Should I Bench Press with an Arched Back?

bench-press-arched-back | The Lost Gentleman

The bench press is arguably one of the most popular and effective exercises for building upper body strength and muscle mass. However, there’s often debate surrounding the proper form, particularly regarding whether or not to bench press with an arched back. In this article, we’ll delve into the science behind bench pressing with an arched back, examining its benefits, risks, and whether it’s suitable for everyone.

Understanding the Bench Press

Before we delve into the specifics of bench pressing with an arched back, let’s first understand the mechanics of the exercise. The bench press primarily targets the chest (pectoralis major), shoulders (anterior deltoids), and triceps. It also recruits stabilizing muscles such as the back, core, and even legs to maintain proper form and stability throughout the lift.

The Arched Back Technique

The arched back technique involves deliberately arching the lower back by retracting the shoulder blades and lifting the chest. This creates a natural arch in the spine, with the hips and shoulders making contact with the bench while the lower back remains slightly elevated. Proponents of this technique argue that it enhances stability, shortens the range of motion, and reduces the risk of shoulder injuries.

Benefits of Bench Pressing with an Arched Back

Increased Stability

A study published in the Journal of Strength and Conditioning Research by Saeterbakken et al. (2011) compared the muscle activity and stability between flat-back and arched-back bench press techniques. The researchers found that the arched-back technique significantly increased stability by activating more muscles in the upper back and reducing the load on the shoulders.

Improved Strength and Power Output

An arched back allows lifters to maintain a more advantageous biomechanical position, leading to improved force production. According to a study by Lehman (2005) in the Journal of Strength and Conditioning Research, bench pressing with an arched back resulted in higher levels of electromyographic (EMG) activity in the pectoralis major and triceps muscles compared to flat-back bench pressing.

Reduced Shoulder Strain

By arching the back, the shoulder blades are brought closer together, creating a more stable platform for the shoulders. This reduces the risk of impingement and strain on the shoulder joints during the bench press movement. A study by Schick et al. (2010) in the Journal of Strength and Conditioning Research supports this, suggesting that the arched-back technique may help mitigate shoulder injuries in bench press training.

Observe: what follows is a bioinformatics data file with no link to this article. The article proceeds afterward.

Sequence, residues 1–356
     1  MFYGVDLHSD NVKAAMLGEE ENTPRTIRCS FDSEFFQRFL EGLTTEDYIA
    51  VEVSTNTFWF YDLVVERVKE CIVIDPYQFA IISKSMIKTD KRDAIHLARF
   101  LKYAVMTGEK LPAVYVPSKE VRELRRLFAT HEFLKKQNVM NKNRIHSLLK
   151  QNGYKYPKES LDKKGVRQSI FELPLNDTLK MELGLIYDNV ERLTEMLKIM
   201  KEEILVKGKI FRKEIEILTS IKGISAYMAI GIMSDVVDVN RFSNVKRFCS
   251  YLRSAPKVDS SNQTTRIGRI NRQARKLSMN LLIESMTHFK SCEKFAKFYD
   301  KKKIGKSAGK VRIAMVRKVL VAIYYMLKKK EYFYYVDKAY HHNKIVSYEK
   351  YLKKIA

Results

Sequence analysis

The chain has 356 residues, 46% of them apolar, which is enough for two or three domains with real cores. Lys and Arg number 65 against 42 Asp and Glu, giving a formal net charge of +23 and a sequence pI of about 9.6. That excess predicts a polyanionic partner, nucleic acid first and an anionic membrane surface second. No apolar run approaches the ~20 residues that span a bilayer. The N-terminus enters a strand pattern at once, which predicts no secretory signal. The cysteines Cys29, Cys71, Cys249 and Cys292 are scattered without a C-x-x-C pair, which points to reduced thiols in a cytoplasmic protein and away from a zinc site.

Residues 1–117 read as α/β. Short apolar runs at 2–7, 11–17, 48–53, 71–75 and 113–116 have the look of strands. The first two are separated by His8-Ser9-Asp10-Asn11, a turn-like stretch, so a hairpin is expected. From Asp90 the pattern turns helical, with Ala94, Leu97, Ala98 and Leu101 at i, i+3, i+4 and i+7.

Considerations and Risks

While bench pressing with an arched back offers several benefits, it may not be suitable for everyone, and there are potential risks to consider.

Spinal Health

One of the primary concerns with bench pressing with an arched back is the potential strain it places on the lumbar spine. Excessive arching can lead to hyperextension, increasing the risk of lower back injuries, particularly for individuals with pre-existing spinal issues. It’s essential to maintain a moderate arch that supports stability without compromising spinal integrity.

Individual Biomechanics

Not everyone’s anatomy is suited to the arched-back technique. Factors such as spinal flexibility, rib cage shape, and shoulder mobility can influence the feasibility and effectiveness of this approach. Some individuals may find it uncomfortable or difficult to maintain proper form while bench pressing with an arched back, leading to decreased performance or increased risk of injury.

Proper Form and Technique

Regardless of whether you choose to bench press with a flat back or an arched back, proper form and technique are paramount to maximise safety and effectiveness. This includes maintaining a stable grip on the barbell, keeping the elbows tucked close to the body, and lowering the barbell under control to the chest while avoiding excessive flaring of the elbows.

Flat-Back Bench Press Technique